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Investment Analysis Clubs / The BMW Method
|Subject: A learning curve||Date: 9/9/2012 10:37 PM|
|Author: ThyPeace||Number: 40703 of 41729|
I've been working, slowly, on a new aspect of investing -- stop loss and trailing stops. With a very limited number of exceptions, I have never sold a stock. (Warren Buffett took my Wrigley shares. I don't consider that a sale. I did sell Manitowoc Company shares -- and then bought them back when the price had dropped to something more reasonable.) I've owned some stocks for more than 35 years now, the large majority of my life.
So I am it approaching with caution.
I've been sitting and staring at my portfolio in the evenings for the last few weeks. How do I know when to sell this stock? I've owned it since I was 9. Or 12. Or 21. In some cases, more than 35 years. It's been a friend for a long time. It has a nice gain and a nice dividend that pays more than any savings account, and has for a really long time. Why would I want to get rid of it?
According to the idea of a stop loss, or a trailing stop as I have actually been working, you don't let a stock drop too far before you sell it. This makes sense to me. I capitulated in 2009 at just about the worst time. I didn't do that with my old friends, the stocks I've owned forever. I did it with the mutual funds that were in my 401k. I didn't know them and their habits. Their behavior was bizarre and scary.
But when the stocks I know well dropped so far, I just looked at them again. Nothing had changed in the basics of what the companies do, who they serve, what products they produce, or the quality and integrity of the managers. I sat tight. Wished I had the cash to buy more of those stocks, and did buy more where I could. Each of them has regained its value, and then some.
So it's very difficult, staring at these stocks and trying to decide when to part ways with them based on just a numeric (or a percent) drop,
rather than on the performance of the underlying company. It's not "could I use this money more productively?" even. It's "how do I protect myself from losing too much?" which is not something I've thought about before.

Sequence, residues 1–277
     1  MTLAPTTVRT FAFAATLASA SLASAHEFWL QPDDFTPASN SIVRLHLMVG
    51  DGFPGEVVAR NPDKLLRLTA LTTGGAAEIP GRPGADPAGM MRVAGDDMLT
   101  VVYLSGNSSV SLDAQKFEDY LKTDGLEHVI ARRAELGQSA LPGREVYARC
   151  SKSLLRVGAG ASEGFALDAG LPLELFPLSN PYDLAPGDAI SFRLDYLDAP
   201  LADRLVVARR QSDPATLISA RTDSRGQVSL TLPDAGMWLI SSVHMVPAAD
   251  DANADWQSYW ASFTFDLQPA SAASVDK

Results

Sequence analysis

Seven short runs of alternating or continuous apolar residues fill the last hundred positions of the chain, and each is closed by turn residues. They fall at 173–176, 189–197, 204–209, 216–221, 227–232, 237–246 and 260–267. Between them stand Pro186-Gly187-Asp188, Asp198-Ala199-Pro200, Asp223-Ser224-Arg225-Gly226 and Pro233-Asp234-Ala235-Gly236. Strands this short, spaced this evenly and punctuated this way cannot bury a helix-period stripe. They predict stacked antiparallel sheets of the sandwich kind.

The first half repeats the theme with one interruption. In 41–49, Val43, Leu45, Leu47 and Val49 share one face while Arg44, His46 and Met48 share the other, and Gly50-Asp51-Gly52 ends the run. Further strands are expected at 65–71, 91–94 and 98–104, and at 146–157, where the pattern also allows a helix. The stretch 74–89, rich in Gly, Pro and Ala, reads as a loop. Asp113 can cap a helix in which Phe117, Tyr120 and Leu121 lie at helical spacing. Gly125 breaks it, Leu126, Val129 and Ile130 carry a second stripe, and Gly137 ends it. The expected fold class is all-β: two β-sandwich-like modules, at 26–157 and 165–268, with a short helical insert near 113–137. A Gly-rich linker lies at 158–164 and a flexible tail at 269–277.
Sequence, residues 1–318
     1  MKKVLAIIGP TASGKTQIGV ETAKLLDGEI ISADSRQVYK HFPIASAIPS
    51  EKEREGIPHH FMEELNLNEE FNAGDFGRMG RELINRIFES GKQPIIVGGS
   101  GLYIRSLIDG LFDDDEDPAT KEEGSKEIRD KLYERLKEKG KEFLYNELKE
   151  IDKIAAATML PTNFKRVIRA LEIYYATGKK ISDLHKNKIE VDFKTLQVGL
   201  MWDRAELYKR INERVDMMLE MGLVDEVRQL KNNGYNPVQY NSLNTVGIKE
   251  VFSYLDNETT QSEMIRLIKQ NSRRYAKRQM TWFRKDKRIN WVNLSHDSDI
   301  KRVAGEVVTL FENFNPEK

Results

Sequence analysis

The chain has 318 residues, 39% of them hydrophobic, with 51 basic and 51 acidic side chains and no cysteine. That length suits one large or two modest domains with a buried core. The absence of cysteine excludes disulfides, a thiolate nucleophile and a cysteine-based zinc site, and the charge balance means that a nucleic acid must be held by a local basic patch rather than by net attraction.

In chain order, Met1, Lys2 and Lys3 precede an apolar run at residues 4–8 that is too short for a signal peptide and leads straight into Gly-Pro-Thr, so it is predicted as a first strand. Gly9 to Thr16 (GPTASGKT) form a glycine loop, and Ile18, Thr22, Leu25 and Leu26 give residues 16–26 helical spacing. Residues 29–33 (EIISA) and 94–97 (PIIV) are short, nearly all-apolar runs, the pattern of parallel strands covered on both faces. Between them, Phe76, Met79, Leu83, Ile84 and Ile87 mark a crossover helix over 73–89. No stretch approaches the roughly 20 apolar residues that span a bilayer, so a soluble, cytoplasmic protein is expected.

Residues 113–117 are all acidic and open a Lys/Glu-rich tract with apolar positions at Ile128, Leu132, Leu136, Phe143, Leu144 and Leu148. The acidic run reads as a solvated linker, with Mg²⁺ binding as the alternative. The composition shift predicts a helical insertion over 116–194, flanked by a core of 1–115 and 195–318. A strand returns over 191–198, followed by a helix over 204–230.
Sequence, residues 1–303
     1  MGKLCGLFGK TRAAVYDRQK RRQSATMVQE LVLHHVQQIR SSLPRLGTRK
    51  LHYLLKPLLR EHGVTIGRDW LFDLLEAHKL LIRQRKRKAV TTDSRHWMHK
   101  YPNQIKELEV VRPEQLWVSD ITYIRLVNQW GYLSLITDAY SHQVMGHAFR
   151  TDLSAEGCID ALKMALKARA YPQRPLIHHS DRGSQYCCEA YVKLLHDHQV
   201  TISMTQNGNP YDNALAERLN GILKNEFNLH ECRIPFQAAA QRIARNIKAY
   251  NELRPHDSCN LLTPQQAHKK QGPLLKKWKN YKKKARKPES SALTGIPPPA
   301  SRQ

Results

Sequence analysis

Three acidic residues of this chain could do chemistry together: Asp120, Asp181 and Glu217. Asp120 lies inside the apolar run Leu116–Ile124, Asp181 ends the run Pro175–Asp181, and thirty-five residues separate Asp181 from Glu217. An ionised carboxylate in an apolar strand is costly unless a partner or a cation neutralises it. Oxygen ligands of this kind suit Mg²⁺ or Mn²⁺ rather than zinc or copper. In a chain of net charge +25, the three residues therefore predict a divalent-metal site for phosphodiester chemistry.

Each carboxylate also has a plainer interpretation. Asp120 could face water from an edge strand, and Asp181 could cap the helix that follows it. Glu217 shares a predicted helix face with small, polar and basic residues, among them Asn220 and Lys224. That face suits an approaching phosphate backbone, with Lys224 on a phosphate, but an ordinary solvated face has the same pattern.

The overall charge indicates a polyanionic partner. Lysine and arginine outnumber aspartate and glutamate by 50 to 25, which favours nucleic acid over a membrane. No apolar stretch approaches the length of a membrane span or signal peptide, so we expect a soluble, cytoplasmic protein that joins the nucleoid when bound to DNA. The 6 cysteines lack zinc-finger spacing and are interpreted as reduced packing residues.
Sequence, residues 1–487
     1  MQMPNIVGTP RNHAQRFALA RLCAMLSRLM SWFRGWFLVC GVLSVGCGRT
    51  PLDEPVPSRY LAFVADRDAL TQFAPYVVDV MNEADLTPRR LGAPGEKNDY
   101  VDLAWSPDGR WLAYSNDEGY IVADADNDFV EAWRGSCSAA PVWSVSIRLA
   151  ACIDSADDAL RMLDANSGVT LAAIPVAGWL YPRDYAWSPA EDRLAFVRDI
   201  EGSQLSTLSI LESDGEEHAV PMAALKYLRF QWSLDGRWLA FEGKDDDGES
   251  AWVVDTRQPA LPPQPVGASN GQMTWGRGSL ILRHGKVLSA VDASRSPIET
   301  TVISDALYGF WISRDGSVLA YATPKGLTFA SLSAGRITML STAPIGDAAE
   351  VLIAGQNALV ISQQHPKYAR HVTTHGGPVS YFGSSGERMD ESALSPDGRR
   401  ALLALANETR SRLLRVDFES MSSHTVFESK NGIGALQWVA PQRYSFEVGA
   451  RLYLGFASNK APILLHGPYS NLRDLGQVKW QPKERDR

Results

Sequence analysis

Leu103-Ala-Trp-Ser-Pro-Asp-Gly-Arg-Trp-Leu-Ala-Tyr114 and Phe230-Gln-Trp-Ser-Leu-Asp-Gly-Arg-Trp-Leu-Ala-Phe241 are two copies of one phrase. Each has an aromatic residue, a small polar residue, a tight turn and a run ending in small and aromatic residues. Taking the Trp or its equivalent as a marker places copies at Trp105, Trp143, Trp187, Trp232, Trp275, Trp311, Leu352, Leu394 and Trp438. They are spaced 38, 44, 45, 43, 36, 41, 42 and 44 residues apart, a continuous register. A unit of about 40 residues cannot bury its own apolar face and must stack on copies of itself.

It's part of becoming a more conservative investor, I suppose.
A more recent example is General Mills, which I purchased this spring. When shall I sell the stock> When they decide to make Cheerios with fun marshmallow shapes? When it is no longer the finger food of choice for the 12-month-old set? When moms everywhere decry feeding oats of any type to children of any age? Or when a stock drop of a certain amount makes me, in some way, nervous?
This has been a very difficult concept to wrap my head around. And yes, I realize that the above is an emotional reaction at least as much as a cool-headed rational investor's reaction. I am doing it slowly. All the more reason.
And when I take a breath from my mental ranting and look at the portfolio, well, it makes me look, at the moment, like a freaking genius. I know I'm not that smart. If I were, I would already be independently wealthy, and I'm definitely not that. I know that the tide is lifting even my little boat, and when the tide goes out, I'd like to stay where I am rather than going with it.
So I stare at my portfolio. I look at how much of a gain I have in each stock, at the dividend yields, capital, debt, PEG ratios, and all those good things. And I look at what would happen if that particular stock were to drop a certain amount, and how I would feel about my portfolio overall.
It's hard work. I've set some at dollar thresholds, and as I've learned more, I'm trying percents. I may go back and undo the dollar stops I put in earlier. I may go and undo all of it. But I hope not. I think this is a benefit, and I'm writing about it here both to encourage folks who haven't thought about it yet, and to invite those who have to give me their thoughts on how they do it.
It's sort of like thinking about, and planning, for the end of a relationship. I've been loyal to these companies and they've been loyal to me. It's tough to think of selling because we go through a hard time. It's tough to figure out where that point of "I can't do this anymore" is. I don't want to be foolhardy. I don't want to be greedy either.
And I would much rather set my goals differently: I want to sell this company when I think that it has risen beyond where its fundamentals indicate it should be.
But that comes next, I think, after I consider the possibility that I've made a mistake and that General Mills' Progresso Soups are actually demon food rather than lunch. Or more likely that the Chinese market for Cheerios will collapse, leaving General Mills and Nestle reeling from their investment in Cereal Partners Worldwide. And then we'll have to do without Nesquik AND Bisquick.
Still. It's tough.
ThyPeace, grew up having Bisquick biscuits. Still loves them, doesn't eat them anymore.
P.S. General Mills' BMW chart:
Most Boring Stock Ever. I like that.
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